Parents often want to use vacation as a time to help bolster their children's education. A new vacation destination can often bring with it a new glimpse into history. As this photo by Idaho Dad illustrates, a parent's best intentions don't often engage the the minds and hearts of our kids.
This boy visiting the British Museum is more focused on his nintendo instead of being awe inspired by the ancient Egyptian artifacts that surround him. So, when planning a family educational trip or outting, how can we parents avoid scenarios like this one?
Do Your Homework - Plan ahead, especially if you're planning a museum visit while away from home on a family vacation. Most museums have extensive and informative websites. Knowledge in advance of things like admission times, special events, maps and children's programs will help you to plan accordingly and avoid disappointment. Prep your kids and give them some back ground on what they can expect to see during their museum visit. Again, museums have all sorts of materials to back parents up here. Your enthusiam and engagement will often become contagious.
Pick the Right Museum - No matter what your kids are interested in, there is a museum to match that interest. Whether it's a Comic Book Museum, a historical Fashion Exhibit or the Baseball Hall of Fame there is a museum out there for everybody not matter how small those people are.
Be aware of what your kids are currently studying in school. Museums can help bring text books to life. Remember, Museums necessarily mean a building with exhibits. There are plenty of "living museums" like Williamsburg, VA or even the Freedom Trail in Boston.
Do Museums by the Numbers - By numbers here, we mean the age of your children. Perhaps if the boy in our photo was a bit older, he'd have a much better appreciation of the exhibits he is ignoring. As a kid I remember my father thought he was doing a wonderful thing by taking me to see the Peabody Museum in New Haven. Unfortunately my encounter with the gigantic squid meant weeks of nightmares afterwards.
Less is often More - Time your museum visit by your child's attention span. You may be excited about seeing EVERYTHING in the Smithsonian (a task that can actually take weeks to accomplish). Instead, try to curb your enthusiam and just visit highlights your kids will enjoy. Many museums offer discount admission or free visits certain evenings of the week. Deals like this will help the family travel budget as well as helping to save your sanity.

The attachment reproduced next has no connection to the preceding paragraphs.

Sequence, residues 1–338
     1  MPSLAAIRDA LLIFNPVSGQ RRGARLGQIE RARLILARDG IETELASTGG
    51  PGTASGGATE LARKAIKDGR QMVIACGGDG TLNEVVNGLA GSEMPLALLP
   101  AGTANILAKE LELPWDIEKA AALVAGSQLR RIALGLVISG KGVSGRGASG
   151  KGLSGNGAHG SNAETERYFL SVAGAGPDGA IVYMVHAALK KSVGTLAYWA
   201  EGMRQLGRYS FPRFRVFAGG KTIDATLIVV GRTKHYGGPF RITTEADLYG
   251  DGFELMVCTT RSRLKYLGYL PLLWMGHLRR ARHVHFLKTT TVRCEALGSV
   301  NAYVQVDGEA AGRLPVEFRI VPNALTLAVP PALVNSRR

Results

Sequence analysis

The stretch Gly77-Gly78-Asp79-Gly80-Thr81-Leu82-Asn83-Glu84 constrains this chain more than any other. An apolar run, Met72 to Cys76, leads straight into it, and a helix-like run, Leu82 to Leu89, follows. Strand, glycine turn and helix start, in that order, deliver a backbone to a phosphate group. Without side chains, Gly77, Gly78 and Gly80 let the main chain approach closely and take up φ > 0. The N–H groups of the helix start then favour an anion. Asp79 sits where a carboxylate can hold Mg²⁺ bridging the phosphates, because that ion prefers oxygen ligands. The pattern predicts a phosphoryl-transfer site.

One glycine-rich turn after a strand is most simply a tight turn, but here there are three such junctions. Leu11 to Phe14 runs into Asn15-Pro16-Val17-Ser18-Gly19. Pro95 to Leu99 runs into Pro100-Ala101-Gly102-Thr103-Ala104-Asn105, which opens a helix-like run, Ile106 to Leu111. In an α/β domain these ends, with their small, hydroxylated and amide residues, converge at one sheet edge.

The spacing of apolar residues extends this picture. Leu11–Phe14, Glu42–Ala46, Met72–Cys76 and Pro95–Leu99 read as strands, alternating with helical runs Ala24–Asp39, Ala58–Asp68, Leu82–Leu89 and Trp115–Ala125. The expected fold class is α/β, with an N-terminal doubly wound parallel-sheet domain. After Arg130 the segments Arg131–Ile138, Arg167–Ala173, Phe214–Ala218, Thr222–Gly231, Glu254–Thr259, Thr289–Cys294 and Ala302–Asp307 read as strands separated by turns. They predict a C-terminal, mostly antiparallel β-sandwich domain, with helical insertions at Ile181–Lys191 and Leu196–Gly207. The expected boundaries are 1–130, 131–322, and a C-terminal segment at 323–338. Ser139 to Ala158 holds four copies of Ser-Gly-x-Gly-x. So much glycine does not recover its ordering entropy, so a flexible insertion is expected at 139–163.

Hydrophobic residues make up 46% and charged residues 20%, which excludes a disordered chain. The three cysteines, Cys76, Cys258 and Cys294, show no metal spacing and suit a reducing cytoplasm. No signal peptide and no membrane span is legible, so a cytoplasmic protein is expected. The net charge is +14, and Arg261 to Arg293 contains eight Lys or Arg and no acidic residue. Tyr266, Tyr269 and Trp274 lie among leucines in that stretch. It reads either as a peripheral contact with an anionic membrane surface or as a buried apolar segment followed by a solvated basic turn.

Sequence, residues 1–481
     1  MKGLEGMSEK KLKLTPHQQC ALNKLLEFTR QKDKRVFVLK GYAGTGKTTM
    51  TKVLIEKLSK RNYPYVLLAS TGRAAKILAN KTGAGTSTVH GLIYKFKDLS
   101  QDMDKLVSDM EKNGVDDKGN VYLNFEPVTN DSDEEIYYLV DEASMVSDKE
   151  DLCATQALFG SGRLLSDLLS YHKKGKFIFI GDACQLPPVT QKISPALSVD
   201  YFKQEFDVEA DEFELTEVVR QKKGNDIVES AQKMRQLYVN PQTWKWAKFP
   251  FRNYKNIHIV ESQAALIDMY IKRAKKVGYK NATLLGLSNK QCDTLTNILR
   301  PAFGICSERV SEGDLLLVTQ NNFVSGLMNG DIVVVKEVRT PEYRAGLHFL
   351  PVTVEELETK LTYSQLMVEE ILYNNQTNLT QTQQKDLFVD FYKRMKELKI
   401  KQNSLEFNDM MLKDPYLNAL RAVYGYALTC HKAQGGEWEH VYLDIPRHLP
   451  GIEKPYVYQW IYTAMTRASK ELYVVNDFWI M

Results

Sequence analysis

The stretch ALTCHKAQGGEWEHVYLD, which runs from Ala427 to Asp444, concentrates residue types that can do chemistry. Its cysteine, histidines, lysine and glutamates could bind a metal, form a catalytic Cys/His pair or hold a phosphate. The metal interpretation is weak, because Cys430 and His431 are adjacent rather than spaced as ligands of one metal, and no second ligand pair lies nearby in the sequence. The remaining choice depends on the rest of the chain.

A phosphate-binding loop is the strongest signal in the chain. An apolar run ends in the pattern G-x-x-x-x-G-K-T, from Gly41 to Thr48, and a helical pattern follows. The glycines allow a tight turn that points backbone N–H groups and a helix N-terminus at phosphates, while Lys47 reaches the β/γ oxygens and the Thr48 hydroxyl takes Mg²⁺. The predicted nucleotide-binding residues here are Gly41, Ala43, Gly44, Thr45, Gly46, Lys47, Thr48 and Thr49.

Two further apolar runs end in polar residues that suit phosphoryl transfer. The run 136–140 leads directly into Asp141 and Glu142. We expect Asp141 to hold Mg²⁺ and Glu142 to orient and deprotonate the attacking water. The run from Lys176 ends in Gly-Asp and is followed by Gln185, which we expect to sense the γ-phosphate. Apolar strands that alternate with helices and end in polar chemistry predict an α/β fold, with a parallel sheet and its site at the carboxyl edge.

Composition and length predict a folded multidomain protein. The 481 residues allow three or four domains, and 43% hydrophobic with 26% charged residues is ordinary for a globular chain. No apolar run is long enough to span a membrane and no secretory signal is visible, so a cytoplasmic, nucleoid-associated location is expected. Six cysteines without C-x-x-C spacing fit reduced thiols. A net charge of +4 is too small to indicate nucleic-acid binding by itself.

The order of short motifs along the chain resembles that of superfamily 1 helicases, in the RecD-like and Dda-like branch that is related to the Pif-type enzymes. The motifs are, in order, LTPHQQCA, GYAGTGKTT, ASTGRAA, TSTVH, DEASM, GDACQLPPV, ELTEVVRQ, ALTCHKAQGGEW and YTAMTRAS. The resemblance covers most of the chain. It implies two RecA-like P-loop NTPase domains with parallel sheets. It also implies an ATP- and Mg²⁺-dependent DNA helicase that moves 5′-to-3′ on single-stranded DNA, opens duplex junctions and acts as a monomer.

Terms of Engagement -Most museums offer specialized programs or exhibits geared especially for kids. For example, art museums may offer kids programs on certain days. Artists will utilize a particular painting or genre to inspire kids to draw, paint or sculpt their own masterpieces. Kids gain a new appreciation by hands on learning and creativity. Natural history museums have offer camp out nights complete with dinosaur bedtime stories.
Balance - Parents have the best intentions when it comes to their kids and learning opportunities. Still, try not to plan an entire vacation around educational or museum visits. If you'll be spending the day at the museum, choose a family resort with a pool, water park or some other family friendly activities.Balance education with fun and activity. Forcing this issue may work to a parent's disadvantage.
Bribery - Often family harmony is a matter of compromise. It may take a bit of parental finesse to get your kids or teens on board with a museum visit. Hopefully by employing these other suggestions you won't have to resort to techniques like bribery but as parents, we know it never hurts to have a Plan B in your pocket.